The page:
Some experiences shared by women who have been there:

a)     In a sales head role, figured out the toughest & biggest calls the team had: went all out and helped them close it on field.

b)     Played devil’s advocate to help them make quality proposals/presentations.

c)      Joined them for tea breaks and other opportunities to build rapport.

d)     Showed them how my aggression helped convince management for a better portion of the pie when it came to incentives.

e)     Fought tooth and nail for their promotion & hikes.

Managers can play a big role too, in setting these perceptions right; I remember one manager correcting a peer “I see her as passionate about her work and extremely competent, not aggressive!”

The role of the organization too, in creating an inclusive culture that responds positively to ‘masculine behaviors’ manifested by women leaders, cannot be over stated.

In truly inclusive workplaces, all employees, irrespective of gender, are able to leverage both masculine & feminine behaviors without having to face a backlash.

How do you deal with this Catch 22, as a woman leader? How do you enable the women in your teams/organizations to traverse this?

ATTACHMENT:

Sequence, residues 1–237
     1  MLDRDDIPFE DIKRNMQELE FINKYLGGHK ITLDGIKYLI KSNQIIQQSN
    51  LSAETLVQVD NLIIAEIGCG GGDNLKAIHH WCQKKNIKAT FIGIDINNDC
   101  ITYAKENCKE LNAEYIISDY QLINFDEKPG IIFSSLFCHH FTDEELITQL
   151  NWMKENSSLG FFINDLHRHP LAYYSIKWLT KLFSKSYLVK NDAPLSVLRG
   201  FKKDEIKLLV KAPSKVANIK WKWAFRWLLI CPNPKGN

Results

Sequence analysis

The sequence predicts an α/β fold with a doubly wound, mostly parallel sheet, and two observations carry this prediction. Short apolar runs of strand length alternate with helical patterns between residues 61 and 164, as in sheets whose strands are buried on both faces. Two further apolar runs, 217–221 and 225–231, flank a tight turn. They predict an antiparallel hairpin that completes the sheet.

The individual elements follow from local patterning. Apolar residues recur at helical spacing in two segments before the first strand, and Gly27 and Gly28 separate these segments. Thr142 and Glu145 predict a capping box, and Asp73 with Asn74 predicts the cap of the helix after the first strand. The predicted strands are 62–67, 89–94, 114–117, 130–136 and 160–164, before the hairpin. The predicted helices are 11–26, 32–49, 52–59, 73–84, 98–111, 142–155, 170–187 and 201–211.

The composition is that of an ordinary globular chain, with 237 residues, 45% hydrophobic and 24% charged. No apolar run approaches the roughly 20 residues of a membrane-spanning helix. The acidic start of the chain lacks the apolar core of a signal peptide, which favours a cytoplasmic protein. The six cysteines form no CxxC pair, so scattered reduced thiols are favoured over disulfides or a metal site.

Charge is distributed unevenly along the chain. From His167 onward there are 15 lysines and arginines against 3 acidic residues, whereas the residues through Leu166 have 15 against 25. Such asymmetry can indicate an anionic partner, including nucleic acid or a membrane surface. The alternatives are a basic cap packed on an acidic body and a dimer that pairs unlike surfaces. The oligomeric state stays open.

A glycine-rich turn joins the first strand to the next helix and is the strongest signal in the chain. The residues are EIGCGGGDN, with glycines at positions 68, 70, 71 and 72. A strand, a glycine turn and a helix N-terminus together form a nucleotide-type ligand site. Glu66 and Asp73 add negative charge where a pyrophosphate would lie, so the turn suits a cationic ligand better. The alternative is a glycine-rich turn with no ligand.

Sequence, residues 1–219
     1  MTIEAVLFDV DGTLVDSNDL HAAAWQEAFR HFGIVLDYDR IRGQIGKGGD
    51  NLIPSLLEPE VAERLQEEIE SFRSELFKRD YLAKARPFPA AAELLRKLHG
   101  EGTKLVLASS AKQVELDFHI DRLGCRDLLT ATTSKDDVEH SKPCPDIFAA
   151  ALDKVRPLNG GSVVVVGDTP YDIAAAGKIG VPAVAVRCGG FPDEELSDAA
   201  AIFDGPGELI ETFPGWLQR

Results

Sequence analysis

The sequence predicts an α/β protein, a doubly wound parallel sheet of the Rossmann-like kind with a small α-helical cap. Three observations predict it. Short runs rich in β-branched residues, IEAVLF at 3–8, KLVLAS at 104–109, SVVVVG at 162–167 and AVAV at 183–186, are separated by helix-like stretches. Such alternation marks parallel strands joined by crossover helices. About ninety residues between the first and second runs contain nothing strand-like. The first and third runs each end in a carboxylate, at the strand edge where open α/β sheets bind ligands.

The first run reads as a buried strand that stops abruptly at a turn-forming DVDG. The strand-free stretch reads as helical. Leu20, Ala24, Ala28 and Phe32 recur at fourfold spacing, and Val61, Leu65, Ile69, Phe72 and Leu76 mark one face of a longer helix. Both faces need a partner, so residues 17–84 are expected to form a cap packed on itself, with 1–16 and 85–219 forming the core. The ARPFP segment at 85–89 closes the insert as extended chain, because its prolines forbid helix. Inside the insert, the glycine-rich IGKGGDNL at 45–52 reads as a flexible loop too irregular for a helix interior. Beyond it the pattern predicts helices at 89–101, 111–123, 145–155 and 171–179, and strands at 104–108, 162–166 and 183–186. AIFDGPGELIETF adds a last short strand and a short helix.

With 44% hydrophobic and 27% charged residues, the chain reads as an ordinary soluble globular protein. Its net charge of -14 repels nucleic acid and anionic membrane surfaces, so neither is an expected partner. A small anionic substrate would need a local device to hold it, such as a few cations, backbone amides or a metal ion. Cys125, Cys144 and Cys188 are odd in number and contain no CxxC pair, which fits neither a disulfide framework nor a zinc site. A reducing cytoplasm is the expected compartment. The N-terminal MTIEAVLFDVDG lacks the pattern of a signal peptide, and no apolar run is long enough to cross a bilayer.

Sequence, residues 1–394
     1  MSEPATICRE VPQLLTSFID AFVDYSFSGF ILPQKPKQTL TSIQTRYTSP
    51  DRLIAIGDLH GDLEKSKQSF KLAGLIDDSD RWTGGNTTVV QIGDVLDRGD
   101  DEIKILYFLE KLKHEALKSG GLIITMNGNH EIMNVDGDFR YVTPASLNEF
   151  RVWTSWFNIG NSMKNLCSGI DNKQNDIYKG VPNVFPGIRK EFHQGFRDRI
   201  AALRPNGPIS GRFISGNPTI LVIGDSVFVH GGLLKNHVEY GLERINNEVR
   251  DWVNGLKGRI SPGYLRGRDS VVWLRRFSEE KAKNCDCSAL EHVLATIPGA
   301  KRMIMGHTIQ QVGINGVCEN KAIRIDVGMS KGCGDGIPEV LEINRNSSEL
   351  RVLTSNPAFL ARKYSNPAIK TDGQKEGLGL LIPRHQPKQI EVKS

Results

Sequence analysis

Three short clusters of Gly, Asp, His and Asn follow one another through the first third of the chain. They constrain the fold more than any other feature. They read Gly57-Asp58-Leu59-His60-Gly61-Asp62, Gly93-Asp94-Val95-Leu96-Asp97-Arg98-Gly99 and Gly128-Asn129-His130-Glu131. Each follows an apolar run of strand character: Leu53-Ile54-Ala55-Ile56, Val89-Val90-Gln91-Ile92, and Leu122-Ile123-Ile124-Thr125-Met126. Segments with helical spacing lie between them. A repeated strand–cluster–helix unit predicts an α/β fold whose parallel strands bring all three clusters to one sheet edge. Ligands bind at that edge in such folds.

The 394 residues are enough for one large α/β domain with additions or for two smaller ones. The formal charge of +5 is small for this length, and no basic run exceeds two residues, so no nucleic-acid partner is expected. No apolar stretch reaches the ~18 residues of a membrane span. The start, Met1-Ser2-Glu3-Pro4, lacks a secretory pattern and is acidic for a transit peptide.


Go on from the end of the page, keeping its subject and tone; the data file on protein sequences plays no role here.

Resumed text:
Kalpana Tatavarti is Founder of Parity Consulting & Training pvt ltd, a boutique firm focused on accelerating women leadership.

Read more of her articles at

Too Tall For A Groom


By: Kalpana Tatavarti

In the groups that I run for building career skills in women, one of the sessions, focuses on mental models that limit the retention and growth of female talent in the workplaces. Some of these mental models are individually held by women, that they are able to work through & challenge.

But the killer mental models that stump me and are the most difficult to break, are the ones that are held by individuals, families, communities & societies.

Too Tall For A Groom

One such is what I call the ‘Too Tall For a Groom’ mental model.

A 32 year old female leader in Mumbai “My parents told me when I got a promotion – ‘its already difficult to find you a groom, if you go on getting so many promotions and qualifications, how will we ever be able to find a groom for you?’ ”

A 31 year old friend’s daughter who is an IIT, MBA working with a large Consulting group “I told my mother to find me a guy who is better qualified than me, earning more than me and in a higher position than me”